Desert Holly (Atriplex hymenelytra)

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Picture Notes: With its small red berries, I found this plant to be quite beautiful. I photographed it on 01/20/2011 on a recent hike to eastern end of the Las Vegas Wash with the Henderson Heritage Park Senior Facility rock-hounds. As it was growing fully exposed on the side of the trail several hundred feet above the water, one would have to assume that it is a very hearty plant. 

Area Description: A natural wetlands area, the Las Vegas Wash is a tributary that channels stormwater, urban runoff, shallow groundwater and highly-treated wastewater into the Las Vegas Bay at Lake Mead. Approximately 2 percent of Lake Mead's water comes from the Wash., but more important is unique role it plays in the valley's ecological picture. Its natural wetlands and marshy qualities help polish impurities from the water flow. In addition, it is home to a variety of plant and animal species. Over the past 20 years its banks have suffered large-scale erosion and are in danger of further erosion which could eliminate the channel. Efforts are currently under way to strengthen the banks and expand the Wash. For more info see Wetlands Park Nature Preserve at

Description: Desert Holly (Atriplex hymenelytra) is a species of saltbush that is a perennial shrub native to the Southwestern United States and the Mojave Desert. This is a desert-dwelling shrub, reaches heights of between 1.5-3 feet. Although not a true holly, desert holly gets its name because its leaves look like holly. It is generally a rounded bush covered in distinctive reflective silver-gray, twisted, oblong, many-pointed leaves. The color is from salt left on their leaves, this helps reflect the light and therefore reduce the amount of water lost. The small reddish fruits are enclosed in disc-shaped bracteoles after flowering. It is a common component of shrub communities on alkaline and saline soils at low elevations in the Upper Sonoran (Mojave Desert Scrub) life zone.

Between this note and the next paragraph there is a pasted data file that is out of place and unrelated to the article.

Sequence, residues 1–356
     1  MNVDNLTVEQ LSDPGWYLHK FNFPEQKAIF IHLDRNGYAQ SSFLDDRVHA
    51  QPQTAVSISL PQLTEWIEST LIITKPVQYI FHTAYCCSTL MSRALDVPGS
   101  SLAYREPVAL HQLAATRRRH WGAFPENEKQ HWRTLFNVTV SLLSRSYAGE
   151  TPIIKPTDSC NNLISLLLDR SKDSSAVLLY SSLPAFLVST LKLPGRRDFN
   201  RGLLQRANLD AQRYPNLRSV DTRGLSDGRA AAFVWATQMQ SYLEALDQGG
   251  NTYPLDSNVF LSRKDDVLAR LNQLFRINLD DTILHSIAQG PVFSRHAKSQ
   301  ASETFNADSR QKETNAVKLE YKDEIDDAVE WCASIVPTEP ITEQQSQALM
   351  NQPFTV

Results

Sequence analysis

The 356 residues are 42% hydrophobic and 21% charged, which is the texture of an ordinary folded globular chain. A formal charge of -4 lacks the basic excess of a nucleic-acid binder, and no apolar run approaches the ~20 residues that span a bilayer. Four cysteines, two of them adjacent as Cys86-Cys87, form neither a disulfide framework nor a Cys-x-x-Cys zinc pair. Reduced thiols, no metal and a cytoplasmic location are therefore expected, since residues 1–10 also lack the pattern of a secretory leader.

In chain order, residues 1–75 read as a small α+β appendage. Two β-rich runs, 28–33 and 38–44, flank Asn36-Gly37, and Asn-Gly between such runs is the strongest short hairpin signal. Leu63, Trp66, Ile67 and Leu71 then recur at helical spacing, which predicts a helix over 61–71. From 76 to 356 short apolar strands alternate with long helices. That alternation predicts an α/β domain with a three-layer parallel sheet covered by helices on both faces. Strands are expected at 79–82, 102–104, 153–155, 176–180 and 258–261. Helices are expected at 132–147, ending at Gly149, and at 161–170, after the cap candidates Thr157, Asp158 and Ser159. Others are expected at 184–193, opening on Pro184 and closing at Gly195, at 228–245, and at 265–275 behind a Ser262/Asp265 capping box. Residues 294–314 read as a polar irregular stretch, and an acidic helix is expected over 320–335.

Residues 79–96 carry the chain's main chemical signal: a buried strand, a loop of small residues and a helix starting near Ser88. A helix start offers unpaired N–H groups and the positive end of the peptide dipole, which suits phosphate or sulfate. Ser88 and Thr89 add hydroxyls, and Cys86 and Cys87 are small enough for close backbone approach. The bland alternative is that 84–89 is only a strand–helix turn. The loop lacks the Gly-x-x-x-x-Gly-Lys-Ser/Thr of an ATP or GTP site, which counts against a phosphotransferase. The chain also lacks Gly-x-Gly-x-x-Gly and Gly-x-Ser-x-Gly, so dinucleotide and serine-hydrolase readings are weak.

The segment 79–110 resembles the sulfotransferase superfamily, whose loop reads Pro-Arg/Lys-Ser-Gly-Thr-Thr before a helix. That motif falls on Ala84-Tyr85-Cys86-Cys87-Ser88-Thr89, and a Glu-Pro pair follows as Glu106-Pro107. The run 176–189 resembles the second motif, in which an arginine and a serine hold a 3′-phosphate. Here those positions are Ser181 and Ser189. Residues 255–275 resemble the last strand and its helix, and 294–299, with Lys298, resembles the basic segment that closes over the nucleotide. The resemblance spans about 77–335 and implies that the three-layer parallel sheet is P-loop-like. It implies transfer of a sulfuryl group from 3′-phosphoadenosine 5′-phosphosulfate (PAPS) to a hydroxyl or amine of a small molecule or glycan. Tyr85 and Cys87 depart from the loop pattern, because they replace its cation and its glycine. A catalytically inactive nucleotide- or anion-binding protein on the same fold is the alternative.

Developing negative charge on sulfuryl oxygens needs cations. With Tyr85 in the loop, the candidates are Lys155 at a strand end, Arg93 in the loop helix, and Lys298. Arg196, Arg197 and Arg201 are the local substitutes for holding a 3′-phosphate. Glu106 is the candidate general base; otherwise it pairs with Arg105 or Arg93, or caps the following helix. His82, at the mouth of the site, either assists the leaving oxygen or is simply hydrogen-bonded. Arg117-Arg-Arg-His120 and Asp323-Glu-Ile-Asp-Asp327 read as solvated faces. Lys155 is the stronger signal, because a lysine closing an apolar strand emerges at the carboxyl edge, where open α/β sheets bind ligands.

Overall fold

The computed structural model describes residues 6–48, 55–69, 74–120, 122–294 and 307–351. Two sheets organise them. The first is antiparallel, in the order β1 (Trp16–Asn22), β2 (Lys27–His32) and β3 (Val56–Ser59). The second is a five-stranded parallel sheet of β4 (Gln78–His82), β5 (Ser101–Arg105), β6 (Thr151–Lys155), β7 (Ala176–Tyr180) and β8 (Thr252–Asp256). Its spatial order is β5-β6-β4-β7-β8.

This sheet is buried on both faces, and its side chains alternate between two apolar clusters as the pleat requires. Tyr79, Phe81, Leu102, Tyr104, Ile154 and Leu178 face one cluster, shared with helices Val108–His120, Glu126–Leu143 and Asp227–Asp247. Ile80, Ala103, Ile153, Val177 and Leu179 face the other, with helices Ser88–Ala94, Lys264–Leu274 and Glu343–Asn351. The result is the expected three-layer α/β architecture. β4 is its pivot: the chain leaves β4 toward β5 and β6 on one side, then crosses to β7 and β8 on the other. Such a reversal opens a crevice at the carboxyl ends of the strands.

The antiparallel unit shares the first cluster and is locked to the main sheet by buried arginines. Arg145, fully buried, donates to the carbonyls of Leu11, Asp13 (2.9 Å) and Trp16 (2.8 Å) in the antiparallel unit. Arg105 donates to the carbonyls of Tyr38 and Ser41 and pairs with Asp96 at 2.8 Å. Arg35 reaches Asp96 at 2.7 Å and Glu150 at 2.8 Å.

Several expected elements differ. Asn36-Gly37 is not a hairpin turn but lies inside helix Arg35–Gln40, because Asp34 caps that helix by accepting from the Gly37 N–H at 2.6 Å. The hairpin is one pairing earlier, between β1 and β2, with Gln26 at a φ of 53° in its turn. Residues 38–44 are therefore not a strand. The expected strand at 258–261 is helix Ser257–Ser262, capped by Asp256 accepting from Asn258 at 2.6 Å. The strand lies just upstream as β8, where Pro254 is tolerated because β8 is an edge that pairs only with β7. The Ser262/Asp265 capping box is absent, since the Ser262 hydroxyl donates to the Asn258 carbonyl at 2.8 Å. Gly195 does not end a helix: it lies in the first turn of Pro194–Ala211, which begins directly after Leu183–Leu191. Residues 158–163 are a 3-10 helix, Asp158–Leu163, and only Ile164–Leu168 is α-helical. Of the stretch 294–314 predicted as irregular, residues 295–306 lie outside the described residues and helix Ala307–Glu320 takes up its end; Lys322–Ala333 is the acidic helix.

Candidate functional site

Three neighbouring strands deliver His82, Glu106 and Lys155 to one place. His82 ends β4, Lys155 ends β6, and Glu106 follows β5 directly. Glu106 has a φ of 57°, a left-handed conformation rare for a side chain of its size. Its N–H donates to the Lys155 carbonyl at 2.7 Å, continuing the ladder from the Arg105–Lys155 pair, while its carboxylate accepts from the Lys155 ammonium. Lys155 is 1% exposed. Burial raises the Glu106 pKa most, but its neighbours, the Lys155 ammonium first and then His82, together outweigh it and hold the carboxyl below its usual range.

Picture Notes: On 05/20/2015, I captured this picture of a Desert Holly growing right out of a rock in a wash on the Cliffs Hike at the China Ranch & Date Farm, south of Tecopa, Callifornia. This is only the second time I have spotted one of these plants in all of my years of hiking. The fact this area is extremely dry may account for its pinkish color and the fact that its leaves were very brittle.


Postscript: I give thanks to Jason R Eckberg, Environmental Biologist with the Southern Nevada Water Authority for providing me with the name of this plant. It is a Atriplex Hymenelytra, a species of saltbush commonly called the Desert Holly. This gray-white sub-shrub grows from Utah to southern California. This is a desert-dwelling shrub reaching heights of between 1.5-3 feet. It is generally a rounded bush covered in distinctive reflective silver-gray, twisted, oblong, many-pointed leaves. The fruits are enclosed in disc-shaped bracteoles after flowering. The toothed leaves and the small reddish fruits borne on the plant give it a passing resemblance to the unrelated European holly.